bobbee's picture
bobbee
Posted February 7, 2013 - 10:29am

Here is a link to some more amazing works of art by C. Coles Phillips, the man who originally did the art work we now know as "The Godess of Time".

It will literally take your breath away, it is so good.

http://search.yahoo.com/r/_ylt=A0oG7nGhwBNRO0wAEC4qk6B4;_ylu=X3oDMTBybnZlZnRlBHNlYwNzcgRwb3MDMQRjb2xvA2FjMgR2dGlkAw--/SIG=125i27a9a/EXP=1360277793/**http%3a//www.americanartarchives.com/phillips,c.htm

Time Bandit
Posted February 7, 2013 - 11:32am

Bob, how did "we" make the association between C. Coles Phillips and Bulova?? Just wondering if I missed something.

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William Smith
Posted February 7, 2013 - 1:23pm

Club 5000Panel Member

There was something...a newspaper story or some connection.....I just don't remember exactly what or where.... something perhaps stating "the painting now resides in the collection of ...." or "..is now at ________" and I think there was some mention of Bulova.  
Maybe someone esle will remember- I vagely remember- but not the details. 

bobbee's picture
bobbee
Posted February 7, 2013 - 2:13pm

Go to the ad DB.
Look at the second 1922 ad, and just below the bottom right hand corner of the painted lady it says "painted by Coles Phillips".
Also, if you go to the linked site, the second page has an ad we have from 1926, the black and gold ad.
Use the link, you will not be disappointed.

Time Bandit
Posted February 7, 2013 - 3:38pm

Well, I just got off the phone with Jim Vadeboncoeur Jr. who wrote the book Bob was refering to and while we were talking, he came here (mybulova) and looked at this discussion and inparticular the pics that were supposedly done by C. Coles Phillips. He is now retired ( for what he states as some time now) and he said  and I quote,

" none of those pictures were drawn or illustrated by Coles Phillips"

as far as the ad goes (1922 ad) I own the hard copy of that ad and the bottom right hand corner of the "painted lady" actually reads "copywrite (symbol) 1922 J. Bulova Company".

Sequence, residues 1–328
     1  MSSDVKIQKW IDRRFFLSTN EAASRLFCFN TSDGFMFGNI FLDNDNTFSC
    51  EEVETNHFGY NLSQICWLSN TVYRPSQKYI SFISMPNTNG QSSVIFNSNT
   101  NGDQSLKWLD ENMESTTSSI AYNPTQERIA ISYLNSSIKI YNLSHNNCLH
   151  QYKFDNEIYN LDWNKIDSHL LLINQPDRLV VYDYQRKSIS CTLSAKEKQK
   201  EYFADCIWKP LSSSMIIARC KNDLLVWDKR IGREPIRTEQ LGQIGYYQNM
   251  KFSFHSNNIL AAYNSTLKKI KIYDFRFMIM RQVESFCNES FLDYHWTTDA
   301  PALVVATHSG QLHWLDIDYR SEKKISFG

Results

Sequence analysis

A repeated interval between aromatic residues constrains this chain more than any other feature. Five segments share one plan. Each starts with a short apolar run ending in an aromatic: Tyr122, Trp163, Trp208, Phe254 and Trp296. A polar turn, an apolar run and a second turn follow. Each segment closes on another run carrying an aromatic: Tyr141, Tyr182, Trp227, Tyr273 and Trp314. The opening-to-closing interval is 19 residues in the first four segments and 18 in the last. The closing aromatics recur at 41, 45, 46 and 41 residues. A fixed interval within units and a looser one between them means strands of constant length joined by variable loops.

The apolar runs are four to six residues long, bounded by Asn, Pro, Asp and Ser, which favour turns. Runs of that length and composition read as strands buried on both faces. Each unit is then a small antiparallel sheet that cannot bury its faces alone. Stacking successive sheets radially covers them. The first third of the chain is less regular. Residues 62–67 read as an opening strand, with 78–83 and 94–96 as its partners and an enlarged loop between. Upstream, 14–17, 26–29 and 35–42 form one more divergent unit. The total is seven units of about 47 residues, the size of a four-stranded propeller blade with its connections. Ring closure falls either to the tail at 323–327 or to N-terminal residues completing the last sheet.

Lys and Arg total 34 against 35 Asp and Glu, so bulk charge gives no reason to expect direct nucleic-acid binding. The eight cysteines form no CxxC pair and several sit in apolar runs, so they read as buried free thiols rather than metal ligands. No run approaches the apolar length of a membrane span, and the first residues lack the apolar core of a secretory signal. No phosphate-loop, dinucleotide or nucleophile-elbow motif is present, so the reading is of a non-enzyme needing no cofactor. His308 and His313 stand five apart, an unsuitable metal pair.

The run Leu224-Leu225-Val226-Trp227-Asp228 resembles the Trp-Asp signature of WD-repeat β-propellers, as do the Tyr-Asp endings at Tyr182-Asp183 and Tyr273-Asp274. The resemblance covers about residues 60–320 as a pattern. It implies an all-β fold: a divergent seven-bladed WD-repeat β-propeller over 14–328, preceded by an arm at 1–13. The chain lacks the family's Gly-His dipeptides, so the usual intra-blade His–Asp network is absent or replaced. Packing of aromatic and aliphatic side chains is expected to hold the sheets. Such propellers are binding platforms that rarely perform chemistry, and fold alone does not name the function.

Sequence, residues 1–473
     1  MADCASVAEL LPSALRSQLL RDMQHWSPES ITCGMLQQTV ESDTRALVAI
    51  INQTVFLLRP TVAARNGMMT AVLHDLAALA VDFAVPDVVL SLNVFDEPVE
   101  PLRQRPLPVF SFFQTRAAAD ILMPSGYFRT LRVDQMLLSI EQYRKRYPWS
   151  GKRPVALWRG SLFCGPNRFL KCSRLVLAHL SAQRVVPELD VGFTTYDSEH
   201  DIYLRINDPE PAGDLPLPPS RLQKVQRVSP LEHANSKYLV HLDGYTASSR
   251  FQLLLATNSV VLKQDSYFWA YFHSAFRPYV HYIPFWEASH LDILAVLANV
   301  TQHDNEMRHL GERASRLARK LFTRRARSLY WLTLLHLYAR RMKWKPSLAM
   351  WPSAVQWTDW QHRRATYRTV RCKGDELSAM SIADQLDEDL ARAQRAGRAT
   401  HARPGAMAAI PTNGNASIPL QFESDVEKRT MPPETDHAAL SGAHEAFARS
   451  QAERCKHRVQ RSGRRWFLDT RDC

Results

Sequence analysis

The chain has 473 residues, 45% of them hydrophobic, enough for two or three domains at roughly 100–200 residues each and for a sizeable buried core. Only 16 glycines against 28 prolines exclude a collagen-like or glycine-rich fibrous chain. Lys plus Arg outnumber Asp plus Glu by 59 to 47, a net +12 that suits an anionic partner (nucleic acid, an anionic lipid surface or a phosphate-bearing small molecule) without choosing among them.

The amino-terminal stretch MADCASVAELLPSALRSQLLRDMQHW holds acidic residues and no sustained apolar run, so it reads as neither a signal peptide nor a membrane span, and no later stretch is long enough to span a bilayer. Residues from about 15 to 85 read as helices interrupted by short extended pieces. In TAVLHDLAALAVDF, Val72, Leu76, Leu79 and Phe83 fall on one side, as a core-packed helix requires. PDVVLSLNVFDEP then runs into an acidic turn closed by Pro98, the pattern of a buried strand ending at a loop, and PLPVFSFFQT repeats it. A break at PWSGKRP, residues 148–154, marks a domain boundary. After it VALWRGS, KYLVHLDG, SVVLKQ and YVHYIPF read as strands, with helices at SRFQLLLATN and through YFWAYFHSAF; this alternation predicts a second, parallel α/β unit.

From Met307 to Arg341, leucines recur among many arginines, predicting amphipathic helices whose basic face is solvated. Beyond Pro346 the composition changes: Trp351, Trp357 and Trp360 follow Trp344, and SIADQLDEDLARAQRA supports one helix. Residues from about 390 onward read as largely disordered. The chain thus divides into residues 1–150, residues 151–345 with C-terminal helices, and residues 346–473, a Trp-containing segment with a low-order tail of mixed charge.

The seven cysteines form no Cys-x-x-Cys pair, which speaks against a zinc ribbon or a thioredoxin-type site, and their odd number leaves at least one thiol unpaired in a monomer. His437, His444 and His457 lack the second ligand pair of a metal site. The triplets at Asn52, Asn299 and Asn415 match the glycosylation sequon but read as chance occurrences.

The second part of Bob's linked site with the ad from 1926 along with other Coles Phillips illustrations sent Jim into a small bit of laughter (apparently it is not part of his website) and was placed in amongst other Coles Phillips illustrations by someone with  (his words) "a personal agenda" .

His parting message was "no way in hell did C. Coles Phillips have any part in those illustrations" it's not his style.

bobbee's picture
bobbee
Posted February 7, 2013 - 4:18pm

So this is not real? Doesn't look fake.

And the man who painted this:http://www.americanartarchives.com/phillips_spirit_of_transport_1920.jpg

  (Above is signed Coles Phillips)

Or this:http://www.americanartarchives.com/phillips_lhj21oct.jpg

   (Also signed)

 

 

Did not paint this?

 

 

   If not, how did they get on this website?

Also, who is Jim Vadeboncoeur? The pictures and articles written on the site I link to are all done by Norman (Norm) I. Platnick.

EDIT:_ Please do not download any pictures I have linked to, they are privately owned, and cannot be used in the public domain.

Time Bandit
Posted February 7, 2013 - 4:51pm

Bob, Jim Vadeboncoeur has written several books on illustrators from this time period.  Link http://www.bpib.com/illustrat/phillips.htm As you will note in my previous comments I just quote what an expert in the history of illustrators from this time period says.

He also gave me several other names of experts to contact, which I'm trying to do at present.

Like yourself, I'm just trying to find proof.

A wise man named Bob once told me, "no sense getting your knickers in a bunch" :-p

bobbee's picture
bobbee
Posted February 7, 2013 - 7:38pm

I think the ad Mr. Vadeboncoeur may be referring to is this ad below, notice the legend "Copyright 1922 J.Bulova Co."

 

   And not this one below, an altogether different advert that comes from the December 16th. 1922 Edition of the  Saturday Evening Post.

Looks genuine to me. EDIT:- I just found another ad from the Dec. 16th Stevens Journal, 1922 with the same ad with "painted by Coles Phillips" in the same poition here: